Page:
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  October 4, 2004

Diabetes Educator Coordinates Team Approach To The Disease

When Carolé Mensing began to focus her nursing career on diabetes education, she thought she was making a risky career move: "I thought I'd be looking for a new line of work before too long," she says.

That was more than 35 years ago.

Today, Mensing finds herself busier than ever, as coordinator of the Health Center's Diabetes Education Program during what has become a national diabetes epidemic. The incidence of the disease has grown by nearly 50 percent in the past 10 years.

Image: Carolé Mensing

Carolé Mensing, right, diabetes educator at the Health Center, explains her approach to diabetes care.
Photo by Peter Morenus

She also just finished a one-year term as president for health care and education of the American Diabetes Association, the nation's leading volunteer health agency in the fight against diabetes.

"The statistics are so sad," says Mensing. "The death rate due to diabetes has increased by 30 percent since 1980, while it has fallen for other common diseases like heart disease and stroke. Diabetes kills one American every three minutes."

There are two major forms of diabetes: Type 1, also known as insulin-dependent diabetes, and Type 2, also known as medication-requir ing diabetes. Both affect the way the body uses energy from sugar, starch, and other foods. Diabetes can affect virtually the entire body and increases the risk of heart disease, kidney disease, stroke, and blindness.

The skyrocketing rise in the incidence of diabetes, especially Type 2, is attributed largely to the spread of a lifestyle with too much food and too little exercise. To help address the problem, Mensing has built a diabetes education program that relies on a team of health care professionals.

"It takes a village," says Mensing, borrowing a phrase popularized by Hillary Clinton to describe the support necessary to get people to change a lifestyle that is literally killing them.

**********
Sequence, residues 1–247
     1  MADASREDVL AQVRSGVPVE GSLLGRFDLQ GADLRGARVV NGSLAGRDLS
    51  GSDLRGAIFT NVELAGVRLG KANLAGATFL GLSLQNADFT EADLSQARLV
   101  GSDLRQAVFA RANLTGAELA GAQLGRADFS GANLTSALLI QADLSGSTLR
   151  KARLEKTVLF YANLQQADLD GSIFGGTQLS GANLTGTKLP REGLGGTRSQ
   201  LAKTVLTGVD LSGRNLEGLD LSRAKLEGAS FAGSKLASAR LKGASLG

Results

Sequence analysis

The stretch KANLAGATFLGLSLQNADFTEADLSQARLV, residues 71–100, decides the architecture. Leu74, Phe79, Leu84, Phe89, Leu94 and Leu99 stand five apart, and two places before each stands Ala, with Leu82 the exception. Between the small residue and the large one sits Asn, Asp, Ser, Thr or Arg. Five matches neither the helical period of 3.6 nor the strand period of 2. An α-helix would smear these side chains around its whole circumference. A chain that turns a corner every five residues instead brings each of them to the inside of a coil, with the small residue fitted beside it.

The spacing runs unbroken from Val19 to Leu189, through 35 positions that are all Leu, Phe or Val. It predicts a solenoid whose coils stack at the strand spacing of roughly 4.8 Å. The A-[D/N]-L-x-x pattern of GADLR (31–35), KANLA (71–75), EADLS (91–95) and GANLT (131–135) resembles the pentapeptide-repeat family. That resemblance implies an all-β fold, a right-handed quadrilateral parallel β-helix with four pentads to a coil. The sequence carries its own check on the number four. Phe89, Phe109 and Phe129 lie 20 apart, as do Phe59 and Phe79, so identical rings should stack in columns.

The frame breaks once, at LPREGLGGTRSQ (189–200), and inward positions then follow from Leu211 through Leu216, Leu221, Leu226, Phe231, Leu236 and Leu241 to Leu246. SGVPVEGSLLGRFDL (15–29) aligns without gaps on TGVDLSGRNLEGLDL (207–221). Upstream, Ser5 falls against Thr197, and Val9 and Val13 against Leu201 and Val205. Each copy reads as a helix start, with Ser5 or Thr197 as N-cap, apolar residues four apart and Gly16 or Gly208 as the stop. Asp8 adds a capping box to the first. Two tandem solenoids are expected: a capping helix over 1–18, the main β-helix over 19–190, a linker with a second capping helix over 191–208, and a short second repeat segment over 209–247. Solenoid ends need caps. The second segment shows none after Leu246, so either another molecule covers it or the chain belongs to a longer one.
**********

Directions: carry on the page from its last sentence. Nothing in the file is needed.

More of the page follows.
The team consists of several physicians and nurses, a podiatrist, a dietitian, an ophthalmologist and, most recently, a health psychologist, all helping patients cope with and understand the chronic nature of the illness and its destructive effects when it is not carefully monitored and controlled.

Team members provide an extensive array of health care services. There are individual medical appointments for people recently diagnosed with diabetes so they can get one-on- one counseling about their disease and learn how to manage medications, meal planning, activity, and equipment, such as blood glucose monitors. There is case management for patients whose care requires coordinated services from several health professionals. And there are group classes for patients and their families — from the basic skills level to intermediate and advanced sessions — that focus on taking care of patients' physical and emotional needs, stress relief, goal setting, and personal care.

Recently, Mensing expanded the program to include a preventive aspect. She and dietitian Meredith Belden offer a nutrition class for individuals who need information on weight control and exercise, in an attempt to help people prevent diabetes before it starts.

The groups are all designed to help patients become actively involved with their own care. "We don't call it compliance and adherence any more," she says. "We call it empowering people to make healthy choices and changes. It's more than eating less and exercising more. People have to understand that they have choices to make about their health."

Mensing's interest in diabetes was triggered by her family history. When she was a child, her father suffered a heart attack because of uncontrolled diabetes. In 1969, the year after Mensing became a registered nurse, she began to volunteer with diabetes patients. It was a time of transition for diabetes care, with treatment moving from the hospital to the home, and patients monitoring their own condition with portable glucose monitors and administering their own insulin shots. Good education around self-management of the disease became crucial.

Mensing started and ran a summer camp for youngsters with diabetes for many years in her native Minnesota. She moved to Connecticut in 1995 to begin a diabetes education program at the Veterans Memorial Medical Center in Meriden and at Connecticut Children's Medical Center. She joined the Health Center in 1998 to build its diabetes education program.

"Instead of the disease model, we do the wellness model," says Mensing. "We focus on the positive steps people can take to live with diabetes, and provide them with support."